Students Build Electromagnetic Egg Drop Stand

The Egg Drop is a classic way to get students into engineering, fabrication, and experimentation. It’s a challenge to build a container to protect a raw egg from cracking when dropped from various heights.

Here’s a way to add some extra hardware to use when testing each entry. It’s an  electromagnetic drop stand built by several students along with [Tom Jenkins]. The stand doesn’t require anything too exotic, and it allows students to drop their eggs in a controlled manner for a fair competition. Along the way, they learn about circuits, electromagnets, and some other electronic concepts.

If this sounds familiar, it is because it builds on the egg drop project from the Teaching Channel we talked about before. The materials for that lesson have the basic outline of the drop stand, but the video really helps kids visualize it and build it.

This project is especially well-suited for larger classes where you can find something to interest different students. Some will gravitate to the mechanical challenge of keeping the egg from breaking. Some will be interested in the electronics. Others might be interested in keep track of the statistics. For an advanced class, it would be fairly easy to put the test stand under control of an Arduino or another microcontroller.

Getting kids excited about hacking things can lead to life-long careers. At the least, maybe they’ll grow up to write for Hackaday. If you work with kids or you know someone who does, there are many projects on the Teaching Channel’s web site that are realistic for teachers to do with students without breaking the bank on materials or special equipment.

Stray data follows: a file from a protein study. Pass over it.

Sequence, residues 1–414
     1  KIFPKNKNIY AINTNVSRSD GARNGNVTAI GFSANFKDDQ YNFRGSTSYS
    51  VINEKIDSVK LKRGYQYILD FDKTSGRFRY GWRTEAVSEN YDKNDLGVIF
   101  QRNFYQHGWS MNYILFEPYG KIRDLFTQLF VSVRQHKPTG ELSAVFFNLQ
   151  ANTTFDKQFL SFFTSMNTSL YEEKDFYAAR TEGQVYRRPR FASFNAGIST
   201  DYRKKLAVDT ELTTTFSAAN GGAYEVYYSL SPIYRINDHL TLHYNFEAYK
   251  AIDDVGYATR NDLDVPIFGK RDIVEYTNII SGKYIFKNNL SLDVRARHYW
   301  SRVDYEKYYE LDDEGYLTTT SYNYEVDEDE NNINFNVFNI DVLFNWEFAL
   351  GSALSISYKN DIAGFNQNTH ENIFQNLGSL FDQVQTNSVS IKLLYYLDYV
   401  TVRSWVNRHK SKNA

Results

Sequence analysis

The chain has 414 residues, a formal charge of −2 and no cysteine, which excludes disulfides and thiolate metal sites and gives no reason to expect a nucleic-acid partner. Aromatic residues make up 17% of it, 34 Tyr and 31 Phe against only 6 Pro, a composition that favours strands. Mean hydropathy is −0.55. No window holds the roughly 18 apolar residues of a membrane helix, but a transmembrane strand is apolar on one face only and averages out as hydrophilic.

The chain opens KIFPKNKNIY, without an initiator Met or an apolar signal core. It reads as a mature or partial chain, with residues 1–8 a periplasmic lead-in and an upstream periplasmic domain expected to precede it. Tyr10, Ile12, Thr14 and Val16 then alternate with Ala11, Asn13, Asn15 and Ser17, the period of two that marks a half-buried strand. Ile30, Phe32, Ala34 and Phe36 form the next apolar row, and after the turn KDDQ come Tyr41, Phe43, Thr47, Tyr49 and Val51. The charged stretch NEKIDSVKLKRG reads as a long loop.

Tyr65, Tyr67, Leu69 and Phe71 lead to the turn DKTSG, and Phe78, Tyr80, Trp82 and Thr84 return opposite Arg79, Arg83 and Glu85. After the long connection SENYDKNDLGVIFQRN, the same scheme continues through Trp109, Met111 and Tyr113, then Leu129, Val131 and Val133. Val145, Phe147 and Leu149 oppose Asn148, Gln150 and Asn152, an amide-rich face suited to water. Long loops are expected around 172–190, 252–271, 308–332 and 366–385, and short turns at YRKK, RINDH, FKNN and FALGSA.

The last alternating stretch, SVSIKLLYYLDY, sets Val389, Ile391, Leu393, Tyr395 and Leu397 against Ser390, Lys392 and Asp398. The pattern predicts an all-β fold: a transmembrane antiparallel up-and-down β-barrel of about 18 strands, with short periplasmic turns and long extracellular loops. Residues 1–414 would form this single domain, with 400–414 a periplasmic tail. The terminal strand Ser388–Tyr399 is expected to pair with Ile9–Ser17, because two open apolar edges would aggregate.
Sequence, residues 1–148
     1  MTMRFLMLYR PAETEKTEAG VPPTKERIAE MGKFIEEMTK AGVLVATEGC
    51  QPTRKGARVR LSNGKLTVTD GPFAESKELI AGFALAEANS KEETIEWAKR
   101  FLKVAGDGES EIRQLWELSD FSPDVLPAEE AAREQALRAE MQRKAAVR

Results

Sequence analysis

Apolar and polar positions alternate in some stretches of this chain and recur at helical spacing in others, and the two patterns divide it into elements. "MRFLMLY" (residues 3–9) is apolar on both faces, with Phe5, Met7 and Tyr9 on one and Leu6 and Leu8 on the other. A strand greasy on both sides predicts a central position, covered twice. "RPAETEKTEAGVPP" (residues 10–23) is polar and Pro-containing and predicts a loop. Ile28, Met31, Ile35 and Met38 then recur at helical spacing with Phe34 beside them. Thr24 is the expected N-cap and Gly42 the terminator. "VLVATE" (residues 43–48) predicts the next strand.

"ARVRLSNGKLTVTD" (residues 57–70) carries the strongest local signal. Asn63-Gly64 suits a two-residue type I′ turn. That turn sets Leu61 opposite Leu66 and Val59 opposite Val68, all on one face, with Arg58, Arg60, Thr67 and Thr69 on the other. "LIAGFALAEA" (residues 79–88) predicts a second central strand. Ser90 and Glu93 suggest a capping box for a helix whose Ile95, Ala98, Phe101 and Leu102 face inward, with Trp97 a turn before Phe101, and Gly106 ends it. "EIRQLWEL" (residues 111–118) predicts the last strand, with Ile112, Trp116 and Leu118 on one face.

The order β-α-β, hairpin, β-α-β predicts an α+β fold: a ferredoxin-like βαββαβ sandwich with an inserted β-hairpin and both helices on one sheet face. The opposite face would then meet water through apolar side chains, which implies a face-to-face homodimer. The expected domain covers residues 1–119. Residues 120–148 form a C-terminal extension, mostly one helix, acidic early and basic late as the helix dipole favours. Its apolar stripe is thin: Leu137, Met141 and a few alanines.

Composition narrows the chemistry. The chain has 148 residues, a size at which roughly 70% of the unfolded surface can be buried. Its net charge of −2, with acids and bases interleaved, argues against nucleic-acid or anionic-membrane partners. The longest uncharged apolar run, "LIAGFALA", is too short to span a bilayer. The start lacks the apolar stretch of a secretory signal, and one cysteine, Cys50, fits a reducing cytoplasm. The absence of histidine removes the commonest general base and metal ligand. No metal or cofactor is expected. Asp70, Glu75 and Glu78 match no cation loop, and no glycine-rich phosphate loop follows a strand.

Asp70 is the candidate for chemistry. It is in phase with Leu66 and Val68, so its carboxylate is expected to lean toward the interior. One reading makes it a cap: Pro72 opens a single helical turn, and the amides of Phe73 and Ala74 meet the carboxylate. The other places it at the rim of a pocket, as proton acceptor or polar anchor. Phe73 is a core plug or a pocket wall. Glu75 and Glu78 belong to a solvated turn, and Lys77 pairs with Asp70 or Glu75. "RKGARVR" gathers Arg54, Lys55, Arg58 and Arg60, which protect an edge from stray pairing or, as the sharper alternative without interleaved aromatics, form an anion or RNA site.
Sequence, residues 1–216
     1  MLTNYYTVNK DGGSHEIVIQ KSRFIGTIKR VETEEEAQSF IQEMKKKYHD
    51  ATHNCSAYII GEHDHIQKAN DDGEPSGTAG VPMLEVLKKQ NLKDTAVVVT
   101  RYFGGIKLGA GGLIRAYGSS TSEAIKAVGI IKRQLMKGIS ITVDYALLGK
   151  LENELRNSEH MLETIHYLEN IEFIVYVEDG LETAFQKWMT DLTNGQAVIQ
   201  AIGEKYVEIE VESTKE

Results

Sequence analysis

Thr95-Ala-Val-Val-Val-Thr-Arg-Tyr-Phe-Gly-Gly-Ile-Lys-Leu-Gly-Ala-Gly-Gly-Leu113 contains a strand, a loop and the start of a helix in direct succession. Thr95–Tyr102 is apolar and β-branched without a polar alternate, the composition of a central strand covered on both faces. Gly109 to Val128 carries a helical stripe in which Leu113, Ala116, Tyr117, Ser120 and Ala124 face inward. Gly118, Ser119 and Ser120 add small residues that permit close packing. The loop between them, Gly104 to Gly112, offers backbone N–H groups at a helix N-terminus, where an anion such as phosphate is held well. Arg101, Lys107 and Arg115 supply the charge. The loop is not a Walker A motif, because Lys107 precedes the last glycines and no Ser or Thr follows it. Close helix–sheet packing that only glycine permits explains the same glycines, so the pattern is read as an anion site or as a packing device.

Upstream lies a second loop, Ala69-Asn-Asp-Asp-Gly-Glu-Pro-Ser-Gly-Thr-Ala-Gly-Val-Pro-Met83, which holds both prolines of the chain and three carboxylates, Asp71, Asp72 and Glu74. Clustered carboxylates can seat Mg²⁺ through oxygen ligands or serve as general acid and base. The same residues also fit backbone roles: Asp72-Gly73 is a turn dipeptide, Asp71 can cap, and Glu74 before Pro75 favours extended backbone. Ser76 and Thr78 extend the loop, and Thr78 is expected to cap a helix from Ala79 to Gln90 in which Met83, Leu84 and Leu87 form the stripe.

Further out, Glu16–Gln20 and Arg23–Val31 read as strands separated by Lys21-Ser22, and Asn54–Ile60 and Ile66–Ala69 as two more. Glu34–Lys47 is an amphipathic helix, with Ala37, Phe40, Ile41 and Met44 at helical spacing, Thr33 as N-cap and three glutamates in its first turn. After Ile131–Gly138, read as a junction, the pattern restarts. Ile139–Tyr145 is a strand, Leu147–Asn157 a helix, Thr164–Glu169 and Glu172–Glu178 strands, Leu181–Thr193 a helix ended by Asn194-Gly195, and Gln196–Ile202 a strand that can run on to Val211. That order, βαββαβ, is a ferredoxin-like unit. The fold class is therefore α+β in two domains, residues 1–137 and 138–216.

By the way, if you only have an hour with the kids, you can still do an egg drop, but you might have to forego the electronics. There’s still a lot of science and hacking ideas you can communicate even with that simple exercise.

6 thoughts on “Students Build Electromagnetic Egg Drop Stand

      1. The issue is that they used a model from another video (around the 4 minute mark):

        In the video, you can see the prototype with a switch labeled ARM/SAFE and the other one labeled DROP. It makes sense that there’s a safety for certain projects, although for this one it’s slightly overkill, and using that type of switch in close proximity is also a safety issue in itself (accidental flicking of both switches is possible).
        Nevertheless, it’s good practice to design overkill than miss crucial elements of safety, which I believe is what the person was subtly trying to teach them.

        1. You are right, the other switch is a safety. Yeah, not necessary, but let’s us talk about switch logic, AND/OR, and — as you say — safety when you have lives (in this case, egg life) at stake.

          I often say… the only difference between chicken salad and egg salad is timing.

  1. Chickens do this every day. Billions! They have to stand up on those drumsticks and drop the egg.
    Why do they call it “laying”!
    Because stand-up would be like too many rubber chicken jokes!
    If you have free range hens, every day is an Easter eggs hunt.

  2. When my daughter was in high school, they did the opposite. The had to *break* an egg with a machine made up of 5 simple machines. I did it with her. It was great fun, and she won a prize. Our machine was the only one that worked each and every time, and with no eggs broken until the machine was activated. Sadly, my younger kids missed out, they went to different schools by then.

Leave a Reply

Please be kind and respectful to help make the comments section excellent. (Comment Policy)

This site uses Akismet to reduce spam. Learn how your comment data is processed.